From: University of Houston
Published November 17, 2017 12:55 PM

Scientific Advances Can Make it Easier to Recycle Plastics

Most of the 150 million tons of plastics produced around the world every year end up in landfills, the oceans and elsewhere. Less than 9 percent of plastics are recycled in the United States, rising to about 30 percent in Europe.

That’s a $176 billion problem, the potential energy savings scientists say could be achieved from recycling all global plastic solid waste. But new approaches can increase the amount of plastic waste that can be successfully recycled, researchers from the University of Houston and IBM report in a perspective published this week in Science.

That means developing new plastics that are more easily recycled, along with finding ways to more efficiently recycle existing plastics. These approaches can range from methods to recycle different types of plastics together in one waste stream, avoiding a costly and time-consuming sorting process, as well as methods to break down plastics in a more energy-efficient manner.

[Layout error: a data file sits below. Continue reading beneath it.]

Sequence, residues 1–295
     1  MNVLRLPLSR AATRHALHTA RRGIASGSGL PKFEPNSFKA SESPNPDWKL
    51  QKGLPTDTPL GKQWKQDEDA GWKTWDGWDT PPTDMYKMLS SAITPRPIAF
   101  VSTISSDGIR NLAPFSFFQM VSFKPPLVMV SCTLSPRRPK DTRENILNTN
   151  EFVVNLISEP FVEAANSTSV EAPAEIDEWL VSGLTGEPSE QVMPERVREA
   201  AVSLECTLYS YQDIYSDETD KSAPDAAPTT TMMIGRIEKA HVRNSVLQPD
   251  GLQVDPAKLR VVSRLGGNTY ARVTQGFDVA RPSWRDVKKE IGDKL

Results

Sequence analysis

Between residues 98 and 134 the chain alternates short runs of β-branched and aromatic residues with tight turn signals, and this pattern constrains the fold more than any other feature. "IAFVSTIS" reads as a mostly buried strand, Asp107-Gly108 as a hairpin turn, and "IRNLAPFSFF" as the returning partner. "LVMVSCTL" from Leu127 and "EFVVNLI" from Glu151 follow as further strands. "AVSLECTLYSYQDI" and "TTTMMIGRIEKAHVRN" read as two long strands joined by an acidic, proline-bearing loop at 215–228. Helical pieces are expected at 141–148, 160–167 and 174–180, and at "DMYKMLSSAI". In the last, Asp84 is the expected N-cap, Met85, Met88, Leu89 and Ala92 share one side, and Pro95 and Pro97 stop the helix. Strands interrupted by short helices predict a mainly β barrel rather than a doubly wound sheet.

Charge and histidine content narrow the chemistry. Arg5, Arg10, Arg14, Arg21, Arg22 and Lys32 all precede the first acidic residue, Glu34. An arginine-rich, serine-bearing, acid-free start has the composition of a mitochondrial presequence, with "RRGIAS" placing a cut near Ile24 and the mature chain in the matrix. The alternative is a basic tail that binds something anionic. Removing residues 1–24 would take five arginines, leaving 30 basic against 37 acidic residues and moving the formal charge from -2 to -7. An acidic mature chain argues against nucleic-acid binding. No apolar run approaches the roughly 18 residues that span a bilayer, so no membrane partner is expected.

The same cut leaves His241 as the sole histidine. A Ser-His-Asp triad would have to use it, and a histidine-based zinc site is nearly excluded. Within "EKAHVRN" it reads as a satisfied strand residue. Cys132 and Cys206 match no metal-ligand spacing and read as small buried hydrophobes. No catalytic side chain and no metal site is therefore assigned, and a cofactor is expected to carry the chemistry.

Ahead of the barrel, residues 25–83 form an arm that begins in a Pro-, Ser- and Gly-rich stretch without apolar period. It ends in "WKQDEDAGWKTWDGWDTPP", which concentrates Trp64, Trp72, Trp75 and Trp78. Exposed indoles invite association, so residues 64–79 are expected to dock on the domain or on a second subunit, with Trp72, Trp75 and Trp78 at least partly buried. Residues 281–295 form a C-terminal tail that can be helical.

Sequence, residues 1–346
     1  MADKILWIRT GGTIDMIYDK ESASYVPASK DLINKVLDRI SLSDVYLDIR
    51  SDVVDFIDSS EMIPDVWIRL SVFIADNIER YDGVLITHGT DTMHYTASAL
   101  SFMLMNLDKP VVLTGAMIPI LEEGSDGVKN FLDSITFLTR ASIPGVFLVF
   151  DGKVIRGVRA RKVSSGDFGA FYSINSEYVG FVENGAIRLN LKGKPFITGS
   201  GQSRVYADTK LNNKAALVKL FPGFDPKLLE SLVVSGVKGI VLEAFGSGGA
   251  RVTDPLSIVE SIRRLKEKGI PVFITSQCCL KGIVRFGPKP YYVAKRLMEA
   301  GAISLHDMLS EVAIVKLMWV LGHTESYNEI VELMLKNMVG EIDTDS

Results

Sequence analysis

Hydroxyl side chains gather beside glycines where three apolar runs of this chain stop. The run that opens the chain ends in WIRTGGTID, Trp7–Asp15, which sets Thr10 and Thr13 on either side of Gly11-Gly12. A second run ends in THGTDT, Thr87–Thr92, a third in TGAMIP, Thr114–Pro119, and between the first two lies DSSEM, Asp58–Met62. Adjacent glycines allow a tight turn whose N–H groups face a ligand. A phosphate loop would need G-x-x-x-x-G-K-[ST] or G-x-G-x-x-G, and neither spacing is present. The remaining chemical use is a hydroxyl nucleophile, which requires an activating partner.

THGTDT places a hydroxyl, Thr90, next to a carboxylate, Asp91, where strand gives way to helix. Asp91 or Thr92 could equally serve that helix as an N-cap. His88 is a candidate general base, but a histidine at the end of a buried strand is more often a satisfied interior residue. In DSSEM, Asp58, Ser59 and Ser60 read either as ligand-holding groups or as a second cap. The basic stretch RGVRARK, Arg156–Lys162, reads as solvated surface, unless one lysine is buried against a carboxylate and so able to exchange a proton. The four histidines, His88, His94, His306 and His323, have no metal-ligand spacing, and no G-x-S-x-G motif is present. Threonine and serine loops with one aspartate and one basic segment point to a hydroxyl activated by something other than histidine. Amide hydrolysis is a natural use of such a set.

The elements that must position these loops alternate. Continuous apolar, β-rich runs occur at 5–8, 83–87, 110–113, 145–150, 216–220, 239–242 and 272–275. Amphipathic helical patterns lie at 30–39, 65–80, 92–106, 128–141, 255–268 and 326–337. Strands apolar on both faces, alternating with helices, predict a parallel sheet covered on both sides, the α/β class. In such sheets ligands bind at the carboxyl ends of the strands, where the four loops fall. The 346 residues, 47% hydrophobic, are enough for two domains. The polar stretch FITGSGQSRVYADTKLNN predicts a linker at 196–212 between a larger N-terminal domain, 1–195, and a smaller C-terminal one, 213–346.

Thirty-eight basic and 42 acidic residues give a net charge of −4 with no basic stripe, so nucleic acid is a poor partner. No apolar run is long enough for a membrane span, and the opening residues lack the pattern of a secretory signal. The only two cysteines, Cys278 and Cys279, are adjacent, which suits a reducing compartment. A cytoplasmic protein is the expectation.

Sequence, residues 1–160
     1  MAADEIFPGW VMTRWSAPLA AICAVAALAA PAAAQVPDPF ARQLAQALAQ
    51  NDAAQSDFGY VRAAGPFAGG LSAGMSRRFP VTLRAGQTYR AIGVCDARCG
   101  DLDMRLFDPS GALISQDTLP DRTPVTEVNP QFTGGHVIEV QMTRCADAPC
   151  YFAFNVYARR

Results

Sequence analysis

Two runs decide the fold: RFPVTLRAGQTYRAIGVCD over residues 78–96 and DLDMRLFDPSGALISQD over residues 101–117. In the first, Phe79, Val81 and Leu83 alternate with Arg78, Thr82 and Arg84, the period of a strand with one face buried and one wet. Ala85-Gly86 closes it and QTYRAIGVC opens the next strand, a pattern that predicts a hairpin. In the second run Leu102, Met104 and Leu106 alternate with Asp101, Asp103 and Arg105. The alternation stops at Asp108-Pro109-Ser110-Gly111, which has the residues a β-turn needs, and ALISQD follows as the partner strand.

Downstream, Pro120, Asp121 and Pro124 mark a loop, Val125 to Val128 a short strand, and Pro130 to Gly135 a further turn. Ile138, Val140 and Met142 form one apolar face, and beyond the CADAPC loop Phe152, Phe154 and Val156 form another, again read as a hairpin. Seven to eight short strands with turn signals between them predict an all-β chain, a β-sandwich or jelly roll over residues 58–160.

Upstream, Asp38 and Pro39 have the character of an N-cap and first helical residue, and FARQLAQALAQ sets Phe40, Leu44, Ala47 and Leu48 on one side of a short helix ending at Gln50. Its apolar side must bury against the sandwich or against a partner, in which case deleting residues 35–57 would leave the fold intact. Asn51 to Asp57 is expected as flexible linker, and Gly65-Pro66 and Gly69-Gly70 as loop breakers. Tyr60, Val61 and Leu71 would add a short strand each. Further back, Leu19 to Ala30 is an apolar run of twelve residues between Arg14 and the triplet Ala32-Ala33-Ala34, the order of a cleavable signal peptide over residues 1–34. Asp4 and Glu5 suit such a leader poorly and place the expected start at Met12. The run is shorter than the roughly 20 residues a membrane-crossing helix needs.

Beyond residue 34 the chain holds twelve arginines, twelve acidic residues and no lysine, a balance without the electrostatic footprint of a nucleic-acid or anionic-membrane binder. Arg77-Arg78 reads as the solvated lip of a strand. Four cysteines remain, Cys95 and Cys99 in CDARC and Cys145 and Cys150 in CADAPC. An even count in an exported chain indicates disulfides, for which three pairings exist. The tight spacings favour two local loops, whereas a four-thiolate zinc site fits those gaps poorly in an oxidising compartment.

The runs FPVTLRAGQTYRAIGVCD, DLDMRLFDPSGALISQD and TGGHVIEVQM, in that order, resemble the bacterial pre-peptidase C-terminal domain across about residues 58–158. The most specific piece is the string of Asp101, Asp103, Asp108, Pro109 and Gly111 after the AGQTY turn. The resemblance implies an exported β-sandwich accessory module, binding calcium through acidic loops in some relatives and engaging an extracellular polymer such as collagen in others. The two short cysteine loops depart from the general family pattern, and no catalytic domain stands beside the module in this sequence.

“Recent research points the way toward chemical recycling methods with lower energy requirements, compatibilization of mixed plastic wastes to avoid the need for sorting, and expanding recycling technologies to traditionally nonrecyclable polymers,” wrote the article authors, Megan L. Robertson, associate professor of chemical and biomolecular engineering at UH, and Jeannette M. Garcia, a polymer chemist at the IBM Almaden Research Center.

Read more at University of Houston

Image: Megan Robertson, associate professor of chemical and biomolecular engineering at the University of Houston, develops biorenewable components for plastics, replacing hydrocarbon-based polymers with those made from vegetable oils or other plant-based materials. (Credit: University of Houston)

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